utilize technology to solve problems facing their     based business to observe first hand the
                                          communities, including gender and racial              possibilities that are available to them.
                                          empowerment through communication and
                                          equal access to state-of-the-art computer
                                          equipment. Working in collaborative learning
                                          groups, girls conduct research, brainstorm
                                          solutions and create projects that address
                                          critical issues facing them. The program helps
                                          them develop awareness about, and provides a
                                          tangible venue that confronts the gender gap in
                                          technology education and access for girls and
                                          young women.
Results (what is measured, how it is measured, and                           Mission focus change in a condition or set of conditions
results)                                                                     TechGRYLS empowers girls and young women by broadening their
Percentage of students who display an increase in knowledge of               knowledge of computer technology by using computer programs for
technical terminology, internet usage and basic computer applications.       multimedia projects and encourages them to consider careers in

                                                                       4
                                                                             technology. The program raises girls’ interest, confidence and
Percentage of students who demonstrate improved computer skills              competence in the crucial area of technology, while helping them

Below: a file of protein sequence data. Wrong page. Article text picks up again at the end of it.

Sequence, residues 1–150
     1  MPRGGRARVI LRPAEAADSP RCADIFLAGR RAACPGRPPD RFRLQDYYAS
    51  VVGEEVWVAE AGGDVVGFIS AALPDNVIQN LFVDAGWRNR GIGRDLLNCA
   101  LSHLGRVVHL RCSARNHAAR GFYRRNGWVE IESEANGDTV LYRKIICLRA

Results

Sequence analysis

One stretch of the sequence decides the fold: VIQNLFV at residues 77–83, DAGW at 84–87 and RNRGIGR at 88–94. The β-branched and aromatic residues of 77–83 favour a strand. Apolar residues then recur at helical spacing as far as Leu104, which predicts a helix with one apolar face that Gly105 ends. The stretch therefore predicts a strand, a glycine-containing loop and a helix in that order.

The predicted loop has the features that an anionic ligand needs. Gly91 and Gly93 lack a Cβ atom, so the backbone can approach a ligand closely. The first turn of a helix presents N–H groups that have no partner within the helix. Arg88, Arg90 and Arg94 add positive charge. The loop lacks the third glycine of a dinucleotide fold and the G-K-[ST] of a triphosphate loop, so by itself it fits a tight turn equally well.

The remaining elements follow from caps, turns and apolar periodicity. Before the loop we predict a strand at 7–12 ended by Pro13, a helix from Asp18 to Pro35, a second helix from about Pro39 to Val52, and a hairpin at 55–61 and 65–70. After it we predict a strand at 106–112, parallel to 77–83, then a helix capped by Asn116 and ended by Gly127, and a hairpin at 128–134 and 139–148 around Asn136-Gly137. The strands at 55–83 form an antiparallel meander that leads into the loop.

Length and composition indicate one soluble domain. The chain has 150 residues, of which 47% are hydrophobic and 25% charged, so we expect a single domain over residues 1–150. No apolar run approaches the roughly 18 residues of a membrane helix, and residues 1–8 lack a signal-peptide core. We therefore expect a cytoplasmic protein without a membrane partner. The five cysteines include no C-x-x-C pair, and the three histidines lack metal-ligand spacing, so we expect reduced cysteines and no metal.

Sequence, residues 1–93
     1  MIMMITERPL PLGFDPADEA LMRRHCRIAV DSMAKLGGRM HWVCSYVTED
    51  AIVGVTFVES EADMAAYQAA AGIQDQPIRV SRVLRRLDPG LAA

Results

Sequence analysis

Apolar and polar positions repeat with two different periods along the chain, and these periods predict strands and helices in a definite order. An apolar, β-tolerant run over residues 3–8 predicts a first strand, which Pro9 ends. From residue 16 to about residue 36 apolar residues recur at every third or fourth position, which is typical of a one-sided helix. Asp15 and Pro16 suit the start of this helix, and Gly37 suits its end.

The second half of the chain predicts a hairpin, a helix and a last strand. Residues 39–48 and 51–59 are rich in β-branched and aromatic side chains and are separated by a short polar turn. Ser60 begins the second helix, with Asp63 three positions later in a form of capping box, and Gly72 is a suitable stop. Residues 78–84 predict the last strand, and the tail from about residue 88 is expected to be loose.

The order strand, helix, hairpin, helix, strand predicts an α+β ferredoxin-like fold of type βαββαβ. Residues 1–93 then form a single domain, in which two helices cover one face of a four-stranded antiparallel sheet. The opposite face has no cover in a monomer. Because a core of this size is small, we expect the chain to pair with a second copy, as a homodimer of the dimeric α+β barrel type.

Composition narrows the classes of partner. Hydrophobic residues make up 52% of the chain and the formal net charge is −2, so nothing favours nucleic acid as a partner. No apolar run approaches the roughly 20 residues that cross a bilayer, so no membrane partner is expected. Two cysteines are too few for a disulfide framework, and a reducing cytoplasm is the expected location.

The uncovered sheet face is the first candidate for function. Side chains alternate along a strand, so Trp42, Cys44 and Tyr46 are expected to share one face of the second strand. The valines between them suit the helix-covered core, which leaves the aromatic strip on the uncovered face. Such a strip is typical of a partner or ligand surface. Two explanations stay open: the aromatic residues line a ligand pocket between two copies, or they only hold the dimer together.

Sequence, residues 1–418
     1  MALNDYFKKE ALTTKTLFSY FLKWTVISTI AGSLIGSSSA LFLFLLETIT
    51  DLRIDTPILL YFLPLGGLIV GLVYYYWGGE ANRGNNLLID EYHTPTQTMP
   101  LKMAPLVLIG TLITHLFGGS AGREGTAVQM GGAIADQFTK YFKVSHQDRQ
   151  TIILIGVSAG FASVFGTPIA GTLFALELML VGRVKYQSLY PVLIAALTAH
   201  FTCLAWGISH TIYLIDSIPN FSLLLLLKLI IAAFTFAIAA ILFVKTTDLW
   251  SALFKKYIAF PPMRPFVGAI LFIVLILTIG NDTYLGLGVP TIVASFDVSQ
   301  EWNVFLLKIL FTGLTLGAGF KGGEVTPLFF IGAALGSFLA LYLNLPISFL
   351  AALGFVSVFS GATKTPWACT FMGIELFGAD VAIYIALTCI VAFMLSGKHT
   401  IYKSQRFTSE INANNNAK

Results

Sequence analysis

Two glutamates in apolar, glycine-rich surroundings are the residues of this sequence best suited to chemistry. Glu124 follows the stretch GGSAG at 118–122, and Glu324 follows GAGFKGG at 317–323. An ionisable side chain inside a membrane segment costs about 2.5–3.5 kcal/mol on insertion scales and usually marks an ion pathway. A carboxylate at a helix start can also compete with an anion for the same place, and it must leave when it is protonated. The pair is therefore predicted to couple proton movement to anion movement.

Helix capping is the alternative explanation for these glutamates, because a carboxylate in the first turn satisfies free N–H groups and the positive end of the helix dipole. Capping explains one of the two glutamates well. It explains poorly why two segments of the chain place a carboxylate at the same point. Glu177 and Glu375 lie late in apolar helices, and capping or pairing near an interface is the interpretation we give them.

related to enhancing projects with music, conducting internet research       develop critical thinking and problem-solving skills. Participants have the
and designing a web page.                                                    opportunity to invent, design and showcase their work at the completion
                                                                             of the program.
Percentage of students who express increased self-confidence in their
technological abilities, and in their ambitions for career planning.

Measurement tools: Participant journals, staff journals, skills and
thoughts inventories, pre- and post-surveys, evaluation forms.

                       How program is funded                                 Valentine Foundation, Verizon, Educational Improvement Tax Credit
                                                                             (EITC), Bucks County Children & Youth Social Service Agency.




                                                                         5
BUCKS COUNTY                                       Lorna Michelson, Ph.D.                                Executive Director



Staff Directly Responsible for Program

Helen Miller                           Director of Employment Services                    215-245-0264                      hmiller@ywcabucks.org


Program                                                      Audience                                                   Description
                                          Free services to low-income, underemployed             YWCA Employment Services provides job counseling,
YWCA Employment Services                  or unemployed women, families and teens                job placement and career education to program
                                          residing in Bucks County, PA                           participants. Recognizing individual needs and often
                                                                                                 multiple barriers to employment, the YWCA provides